Case law: A party to a contract cannot hold onto 'intangible property' even if owed money when it ends
Owners of intangible property, such as a database, who provide that property to others in order for them to carry out work under a contract can demand its return when the contract ends, even if the other side claims it is owed money under the contractual terms.
This update was published in Legal Alert - February 2015
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The Court of Appeal ruled that it could not do this. While a party could have a possessory lien over physical or 'tangible' property (such as materials, plant or machinery) in those circumstances, a database was 'intangible' property and it was not possible for a party to a contract to claim a possessory lien over intangible property.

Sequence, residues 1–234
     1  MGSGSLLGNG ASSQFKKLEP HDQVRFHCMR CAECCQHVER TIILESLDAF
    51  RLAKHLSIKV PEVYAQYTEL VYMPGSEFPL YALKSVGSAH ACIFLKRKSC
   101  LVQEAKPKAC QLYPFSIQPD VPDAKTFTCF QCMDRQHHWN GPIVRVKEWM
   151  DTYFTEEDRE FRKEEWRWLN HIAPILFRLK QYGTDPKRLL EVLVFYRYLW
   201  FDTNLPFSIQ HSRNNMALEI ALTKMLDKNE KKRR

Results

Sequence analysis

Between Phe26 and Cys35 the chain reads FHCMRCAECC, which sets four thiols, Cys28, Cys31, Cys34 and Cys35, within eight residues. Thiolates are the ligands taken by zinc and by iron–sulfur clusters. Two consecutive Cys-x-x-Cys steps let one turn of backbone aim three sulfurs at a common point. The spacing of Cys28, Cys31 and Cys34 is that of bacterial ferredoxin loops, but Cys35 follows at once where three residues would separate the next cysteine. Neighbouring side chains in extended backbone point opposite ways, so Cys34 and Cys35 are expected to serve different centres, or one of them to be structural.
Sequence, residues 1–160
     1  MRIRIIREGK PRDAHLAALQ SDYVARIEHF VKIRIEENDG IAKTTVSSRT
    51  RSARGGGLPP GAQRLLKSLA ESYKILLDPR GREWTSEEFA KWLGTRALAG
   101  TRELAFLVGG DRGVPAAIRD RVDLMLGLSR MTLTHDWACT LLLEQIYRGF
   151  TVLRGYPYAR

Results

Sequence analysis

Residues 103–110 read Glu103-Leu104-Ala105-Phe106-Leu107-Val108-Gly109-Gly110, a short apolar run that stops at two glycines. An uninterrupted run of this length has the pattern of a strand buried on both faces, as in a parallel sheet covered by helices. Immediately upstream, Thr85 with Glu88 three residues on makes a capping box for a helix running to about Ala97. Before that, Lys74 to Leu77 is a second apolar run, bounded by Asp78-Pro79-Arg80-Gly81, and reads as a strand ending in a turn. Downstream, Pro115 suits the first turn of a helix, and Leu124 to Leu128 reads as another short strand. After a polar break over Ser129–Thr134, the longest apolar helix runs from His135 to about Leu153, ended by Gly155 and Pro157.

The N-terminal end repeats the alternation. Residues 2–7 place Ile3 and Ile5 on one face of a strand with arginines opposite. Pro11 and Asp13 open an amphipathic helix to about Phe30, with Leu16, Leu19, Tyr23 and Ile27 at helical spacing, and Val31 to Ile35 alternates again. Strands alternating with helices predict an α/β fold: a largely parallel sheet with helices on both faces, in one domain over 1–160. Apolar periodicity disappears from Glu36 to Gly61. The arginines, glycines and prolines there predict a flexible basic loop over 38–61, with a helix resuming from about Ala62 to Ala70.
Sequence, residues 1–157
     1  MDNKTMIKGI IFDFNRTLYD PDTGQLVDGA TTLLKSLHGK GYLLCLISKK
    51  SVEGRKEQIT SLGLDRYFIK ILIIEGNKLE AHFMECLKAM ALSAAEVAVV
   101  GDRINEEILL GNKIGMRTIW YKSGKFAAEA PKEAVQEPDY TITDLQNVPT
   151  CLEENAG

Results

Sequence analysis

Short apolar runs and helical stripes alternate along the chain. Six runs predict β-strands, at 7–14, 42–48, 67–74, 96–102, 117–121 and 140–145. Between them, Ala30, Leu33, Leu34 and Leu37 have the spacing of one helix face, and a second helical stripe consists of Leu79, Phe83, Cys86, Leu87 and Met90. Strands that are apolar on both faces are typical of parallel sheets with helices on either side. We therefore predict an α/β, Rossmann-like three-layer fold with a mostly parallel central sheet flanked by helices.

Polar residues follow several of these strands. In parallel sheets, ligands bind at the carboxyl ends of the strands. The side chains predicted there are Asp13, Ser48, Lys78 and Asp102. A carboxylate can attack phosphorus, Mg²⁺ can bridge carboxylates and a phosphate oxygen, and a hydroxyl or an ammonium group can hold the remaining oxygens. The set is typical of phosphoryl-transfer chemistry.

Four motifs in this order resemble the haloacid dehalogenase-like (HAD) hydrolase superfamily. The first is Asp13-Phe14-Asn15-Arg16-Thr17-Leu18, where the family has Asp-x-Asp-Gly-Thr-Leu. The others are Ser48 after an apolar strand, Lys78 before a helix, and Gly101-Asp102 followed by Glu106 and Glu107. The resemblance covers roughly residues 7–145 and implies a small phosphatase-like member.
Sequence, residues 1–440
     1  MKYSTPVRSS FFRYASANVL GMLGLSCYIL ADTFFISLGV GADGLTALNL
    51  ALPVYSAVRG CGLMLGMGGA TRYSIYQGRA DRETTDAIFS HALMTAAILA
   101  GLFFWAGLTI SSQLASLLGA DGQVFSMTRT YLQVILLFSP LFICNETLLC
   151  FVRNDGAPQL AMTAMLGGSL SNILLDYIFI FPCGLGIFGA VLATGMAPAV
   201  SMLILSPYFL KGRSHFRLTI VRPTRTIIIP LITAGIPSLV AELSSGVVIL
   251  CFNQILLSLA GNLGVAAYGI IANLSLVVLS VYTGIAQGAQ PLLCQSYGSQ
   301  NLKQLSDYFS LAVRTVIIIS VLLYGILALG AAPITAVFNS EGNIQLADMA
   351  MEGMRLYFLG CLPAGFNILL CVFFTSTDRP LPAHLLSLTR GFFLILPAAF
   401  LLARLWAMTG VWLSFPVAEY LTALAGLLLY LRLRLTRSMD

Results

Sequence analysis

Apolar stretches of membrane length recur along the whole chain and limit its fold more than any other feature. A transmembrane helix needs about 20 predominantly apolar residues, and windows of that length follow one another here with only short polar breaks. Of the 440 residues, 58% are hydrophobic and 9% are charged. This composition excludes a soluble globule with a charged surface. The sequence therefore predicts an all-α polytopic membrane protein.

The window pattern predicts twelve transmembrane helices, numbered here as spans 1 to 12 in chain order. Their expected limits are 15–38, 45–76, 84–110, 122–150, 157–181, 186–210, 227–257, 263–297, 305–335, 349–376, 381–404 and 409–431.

- Owners of intangible property, such as databases, who provide that property to others in order for them to carry out work under a contract, can demand the return of that property when the contract ends, even if there is a dispute.
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